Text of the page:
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Maccas, Woolworths, and Coles are the biggest Budget winners — their workers not so much

Business Insider Australia logo Business Insider Australia 7/10/2020 David Marin-Guzman, AFR
logo: The government's wage subsidies will benefit big companies' payrolls more than it will their workforces. (Budrul Chukrut, SOPA Images, LightRocket via Getty Images) The government's wage subsidies will benefit big companies' payrolls more than it will their workforces. (Budrul Chukrut, SOPA Images, LightRocket via Getty Images)

Supermarket and fast-food giants could be the biggest beneficiaries of the government's new wage subsidy for young people, with the hiring credits potentially reducing their wage liabilities for teenage workers by two-thirds.

Citi analysis released on Tuesday said the JobMaker hiring scheme detailed in the budget was likely to assist high-performing retailers such as Coles and Woolworths, while the Retail and Fast Food Workers Union (RAFFWU) has pointed to McDonald's as a major beneficiary because of its 100,000-strong workforce, largely aged under 21.

The flat $200-a-week subsidy to encourage the hiring of workers aged 16-29would mean a retail and fast-food business recruiting an 18-year-old on the minimum 20 hours a week could effectively reduce their wage bill from $15 an hour to just $5 an hour.

Citi analyst Craig Woolford said businesses that had a relatively high staff turnover, younger employees and were in a position to expand their workforce were set to benefit from the subsidy and supermarkets were going to be "best placed".

"Woolworths and Coles are likely to be the major beneficiaries given their employee costs, churn and ability to add staff following strong sales and earnings," he said.

RAFFWU secretary Josh Cullinan said McDonald's would "love" the subsidy and it could see the franchisor shift its reliance on 14-16 year-olds to the 17-25 cohort, which was in a better position to work the scheme's minimum 20 hours.

Hiring an 18-year-old would provide McDonald's a "very substantial" benefit, he said, as the subsidy would effectively fund $10, or two-thirds, of their $15 an hour junior rate.

A possible 'windfall'

More than 50 per cent of McDonald's 105,000 workers are under 18 and about 80 per cent are under 21.

With each store staffing an average of 100 workers, Mr Cullinan said "you can imagine the benefit".

"If they only get 50 people, or even only 20 people, the franchisee has got a windfall of $4000 a week or $200,000 a year," he said.

However, the scheme's eligibility rules could restrict any windfall, including conditions that the recruit was on JobSeeker or the Youth Allowance and that the business must have increased its total headcount and payroll from September 30 over a three-month period.

Citi's Mr Woolford said a business still had to be in a position to expand its workforce to benefit and it was unclear how much that would apply to fast-food businesses such as McDonald's.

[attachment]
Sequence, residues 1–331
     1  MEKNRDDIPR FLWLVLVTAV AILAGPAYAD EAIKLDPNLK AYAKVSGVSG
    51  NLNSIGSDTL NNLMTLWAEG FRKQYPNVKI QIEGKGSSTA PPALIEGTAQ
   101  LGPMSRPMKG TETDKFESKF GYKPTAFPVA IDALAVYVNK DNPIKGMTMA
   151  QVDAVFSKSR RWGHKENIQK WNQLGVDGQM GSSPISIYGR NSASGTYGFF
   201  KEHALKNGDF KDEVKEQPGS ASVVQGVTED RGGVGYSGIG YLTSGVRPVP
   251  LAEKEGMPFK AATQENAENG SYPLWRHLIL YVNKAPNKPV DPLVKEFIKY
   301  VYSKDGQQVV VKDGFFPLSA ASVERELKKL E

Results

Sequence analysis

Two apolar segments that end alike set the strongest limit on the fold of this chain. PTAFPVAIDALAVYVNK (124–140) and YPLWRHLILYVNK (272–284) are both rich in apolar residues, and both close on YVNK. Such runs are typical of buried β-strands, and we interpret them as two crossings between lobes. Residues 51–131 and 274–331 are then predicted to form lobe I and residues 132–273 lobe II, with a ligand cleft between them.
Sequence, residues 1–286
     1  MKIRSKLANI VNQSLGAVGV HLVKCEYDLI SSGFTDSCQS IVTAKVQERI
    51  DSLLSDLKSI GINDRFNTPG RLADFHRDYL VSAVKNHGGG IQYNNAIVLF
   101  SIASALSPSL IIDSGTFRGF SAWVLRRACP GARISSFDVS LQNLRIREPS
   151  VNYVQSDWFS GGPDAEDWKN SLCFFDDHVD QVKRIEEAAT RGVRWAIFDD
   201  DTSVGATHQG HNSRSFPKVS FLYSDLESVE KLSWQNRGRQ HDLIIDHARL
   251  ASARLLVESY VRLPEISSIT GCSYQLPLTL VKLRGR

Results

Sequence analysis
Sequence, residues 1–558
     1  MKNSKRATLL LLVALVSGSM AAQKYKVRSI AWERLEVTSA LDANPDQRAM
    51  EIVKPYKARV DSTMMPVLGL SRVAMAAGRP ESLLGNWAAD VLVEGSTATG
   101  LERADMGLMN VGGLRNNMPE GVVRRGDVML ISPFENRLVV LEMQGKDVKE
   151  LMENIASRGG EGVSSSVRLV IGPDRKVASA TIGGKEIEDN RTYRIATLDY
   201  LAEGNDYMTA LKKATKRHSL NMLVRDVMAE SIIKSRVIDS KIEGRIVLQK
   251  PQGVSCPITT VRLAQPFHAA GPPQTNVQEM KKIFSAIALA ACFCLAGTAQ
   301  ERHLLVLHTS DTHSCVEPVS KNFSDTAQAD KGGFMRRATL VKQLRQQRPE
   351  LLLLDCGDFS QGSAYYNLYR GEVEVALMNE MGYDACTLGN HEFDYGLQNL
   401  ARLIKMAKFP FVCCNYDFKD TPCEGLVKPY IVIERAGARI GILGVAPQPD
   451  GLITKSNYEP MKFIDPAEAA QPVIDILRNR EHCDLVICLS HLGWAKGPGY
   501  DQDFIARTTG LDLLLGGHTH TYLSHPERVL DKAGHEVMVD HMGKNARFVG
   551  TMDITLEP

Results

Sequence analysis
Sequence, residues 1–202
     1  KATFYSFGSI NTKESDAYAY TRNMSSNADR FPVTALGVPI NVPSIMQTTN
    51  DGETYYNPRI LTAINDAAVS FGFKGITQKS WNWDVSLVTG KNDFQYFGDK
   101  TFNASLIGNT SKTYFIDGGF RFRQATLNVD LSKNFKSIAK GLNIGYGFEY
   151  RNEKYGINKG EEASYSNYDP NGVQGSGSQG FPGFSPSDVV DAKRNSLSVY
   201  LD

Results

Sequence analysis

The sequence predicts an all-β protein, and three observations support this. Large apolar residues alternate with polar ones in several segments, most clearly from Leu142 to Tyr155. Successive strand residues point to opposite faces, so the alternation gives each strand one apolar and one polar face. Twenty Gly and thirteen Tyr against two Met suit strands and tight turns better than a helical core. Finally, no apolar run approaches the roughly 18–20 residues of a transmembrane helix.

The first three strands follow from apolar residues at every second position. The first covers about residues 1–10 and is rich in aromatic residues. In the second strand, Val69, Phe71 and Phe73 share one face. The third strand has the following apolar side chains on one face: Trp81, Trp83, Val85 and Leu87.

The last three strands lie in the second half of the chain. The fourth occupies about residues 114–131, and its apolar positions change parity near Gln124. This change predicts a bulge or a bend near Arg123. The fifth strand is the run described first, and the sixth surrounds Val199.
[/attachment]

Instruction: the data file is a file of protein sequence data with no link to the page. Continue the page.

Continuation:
"Supermarkets have benefited quite a lot from demand for eating at home," he said.

"A small portion of fast-food businesses have done well but a lot of them have not done well because people in certain states at certain points in time have not been able to eat out."

McDonald's has plans to open about 25 new stores and is considering increasing employment before the summer months.

Employment opportunities

A spokesman said it was "taking the appropriate time to consider the implications of the budget".

“We will continue to grow our business and open new restaurants in the year ahead. Each new restaurant creates approximately 100-120 new employment opportunities, consisting of full-time, part-time and casual employees.”

Coles and Woolworths employed 20,000 new workers in the early months of the pandemic in response to a surge in demand and are now in the middle of their pre-Christmas hiring.

Woolworths also plans to open 10-20 new supermarkets and 15-30 Metro stores over the next year, which would require thousands of new staff.

However, neither business is understood to be planning a major recruitment drive.

Indeed, Asia-Pacific economist Callam Pickering said it was a good thing to see the government address the high rate of youth unemployment, which he said had been a problem since the global financial crisis and was exacerbated by the pandemic.

"It absolutely will encourage businesses to employ more young people. The issue is it could also distort and create some perverse behaviour from businesses.

"For example, why would a business hire a full-time younger worker when they can hire two casual workers and double their subsidy?"

Businesses such as supermarkets that had done well during the crisis would also be hiring younger people regardless of the subsidy.

"They don't need the extra $200 to encourage them to hire. They're largely going to be pocketing this wage subsidy and it could end up as higher profitability, greater dividends or bigger bonuses for high-level staff and executives."

This story first appeared in The Australian Financial Review. Read it here or follow the Financial Review on Facebook.

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